If the employment of UAS or drones cannot be deterred or suppressed, the detection or effects from these systems need to be avoided.

Avoiding detection or kinetic effects from the air is not new. However, many traditional measures may not have been sufficiently trained or even forgotten in the last decade due to the war on terrorism and the actual absence of a serious air threat. Long established Tactics, Techniques, and Procedures (TTP) may have to be brought back to soldier’s minds, and, if necessary, reviewed and modified for this new type of air threat. Modern sensor technology may be countered by fielding newer materials which are capable of better absorbing or reducing radar reflections or thermal signatures. Protective measures for military installations and critical infrastructure, but also military forces in the open, may require review and modernization to shield them from detection and kinetic effects.

Reactive Countermeasures


As a prerequisite for any further countermeasures, the existence of a threat must first be identified. Detection is the first action in a series of active measures against UAS or drones, and therefore time is one of the most critical factors. In general, detection must take place at the earliest possible time and the furthest measurable distance.

Intelligence, Surveillance and Reconnaissance (ISR) is the key to detecting and identifying threats from UAS or drones. Most importantly, ISR should not be limited to the UA itself; the detection of any elements or components of an unmanned system could help to increase situational awareness of an imminent adversarial deployment of UAS. Electromagnetic Operations as part of Signal Intelligence (SIGINT) could also contribute to detecting UAS and drone threats as most systems require continuous radio transmissions to operate. Newer methods of Command and Control (C2) of UAS and drones use cellular networks, and this may require additional cyber tools to help detect this communication. In particular, the use of drones for private and commercial use may require updated regulations and data protocol disclosure to help law enforcement agencies and the military detect and identify drone operations.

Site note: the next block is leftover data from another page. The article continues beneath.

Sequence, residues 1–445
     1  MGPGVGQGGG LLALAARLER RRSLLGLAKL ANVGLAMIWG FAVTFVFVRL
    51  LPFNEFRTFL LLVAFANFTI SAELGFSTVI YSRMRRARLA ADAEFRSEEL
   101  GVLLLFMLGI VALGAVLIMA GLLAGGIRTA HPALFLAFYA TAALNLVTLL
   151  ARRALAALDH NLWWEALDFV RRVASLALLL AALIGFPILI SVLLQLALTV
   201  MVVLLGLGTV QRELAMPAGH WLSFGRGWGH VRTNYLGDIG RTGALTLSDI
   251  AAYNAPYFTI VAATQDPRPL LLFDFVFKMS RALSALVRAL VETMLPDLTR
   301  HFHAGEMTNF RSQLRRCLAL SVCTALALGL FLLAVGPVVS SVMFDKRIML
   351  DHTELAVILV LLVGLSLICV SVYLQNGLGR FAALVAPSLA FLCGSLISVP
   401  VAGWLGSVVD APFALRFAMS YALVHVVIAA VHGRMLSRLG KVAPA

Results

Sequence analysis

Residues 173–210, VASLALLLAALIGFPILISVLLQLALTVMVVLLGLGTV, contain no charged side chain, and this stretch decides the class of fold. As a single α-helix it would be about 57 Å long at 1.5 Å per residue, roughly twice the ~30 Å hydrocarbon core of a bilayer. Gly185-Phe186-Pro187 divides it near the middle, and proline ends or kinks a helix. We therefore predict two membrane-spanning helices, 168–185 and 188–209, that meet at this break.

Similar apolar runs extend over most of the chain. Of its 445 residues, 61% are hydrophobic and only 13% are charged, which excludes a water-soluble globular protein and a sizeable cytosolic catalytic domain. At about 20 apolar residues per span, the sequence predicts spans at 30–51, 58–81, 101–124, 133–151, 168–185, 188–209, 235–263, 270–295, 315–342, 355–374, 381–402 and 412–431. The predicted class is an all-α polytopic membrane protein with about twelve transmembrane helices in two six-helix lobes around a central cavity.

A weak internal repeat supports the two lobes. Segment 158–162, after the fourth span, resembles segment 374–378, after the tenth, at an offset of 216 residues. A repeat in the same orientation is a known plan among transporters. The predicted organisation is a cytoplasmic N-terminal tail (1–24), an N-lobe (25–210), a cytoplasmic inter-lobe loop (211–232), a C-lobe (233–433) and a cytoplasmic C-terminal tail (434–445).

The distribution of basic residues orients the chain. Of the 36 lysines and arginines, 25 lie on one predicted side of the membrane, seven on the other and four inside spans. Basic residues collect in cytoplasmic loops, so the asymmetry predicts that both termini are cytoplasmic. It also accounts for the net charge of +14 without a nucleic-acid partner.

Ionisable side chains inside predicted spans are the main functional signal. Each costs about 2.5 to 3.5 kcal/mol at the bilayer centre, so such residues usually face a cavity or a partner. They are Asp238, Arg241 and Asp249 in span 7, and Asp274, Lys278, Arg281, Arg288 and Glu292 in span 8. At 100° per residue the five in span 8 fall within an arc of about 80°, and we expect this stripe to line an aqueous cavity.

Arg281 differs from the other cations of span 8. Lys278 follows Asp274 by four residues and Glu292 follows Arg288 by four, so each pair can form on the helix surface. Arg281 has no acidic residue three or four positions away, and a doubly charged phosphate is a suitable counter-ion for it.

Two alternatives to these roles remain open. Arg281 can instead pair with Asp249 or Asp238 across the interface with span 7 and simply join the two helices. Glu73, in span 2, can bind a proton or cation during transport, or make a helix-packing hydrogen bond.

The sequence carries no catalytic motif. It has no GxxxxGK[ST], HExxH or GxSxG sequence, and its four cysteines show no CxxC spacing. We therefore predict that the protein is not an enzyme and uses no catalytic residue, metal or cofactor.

Defending against an imminent UAS or drone threat is the most time-critical. Due to their size and altitude, the detection of Low, Slow, and Small (LSS) drones can be expected to be generally later and the reaction time significantly shorter than for HALE and MALE UAS or fighter aircraft in general.

Established Air C2 and Time-Sensitive Targeting (TST) procedures may require a review to determine if and how to accelerate decision-making processes and probably delegate decision-making authorities to counter this new type of air threat. Countering LSS drones is probably more a question of rapid self-defence at the team or squad level than decision-making at higher echelons. This may require the general incorporation of drone countermeasures into the regular curriculum and training of each soldier. Additionally, countering UAS and drones in peacetime may require close cooperation with law enforcement agencies and the clear delineation of responsibilities.


Defending against UAS or drones not only involves traditional kinetic engagement of the air threat, but may also require actions against other UAS elements and components to be effective. Non-kinetic measures and activities in the electromagnetic and cyber domain may contribute to a more balanced and proportionate C-UAS approach, if peacetime restrictions apply or fratricide and collateral damage is a concern.

With lesser priority, but certainly worth considering, are the cost-benefit assessments when having to counter cheap UAS and drones. Cheap production and acquisition of drones is an enemy’s clear asymmetric advantage, if NATO’s options are limited to costly countermeasures only. Legacy AD systems, which are no longer suitable for fighting 5th generation aircraft, could offer excellent potential for a cost-effective C-UAS solution.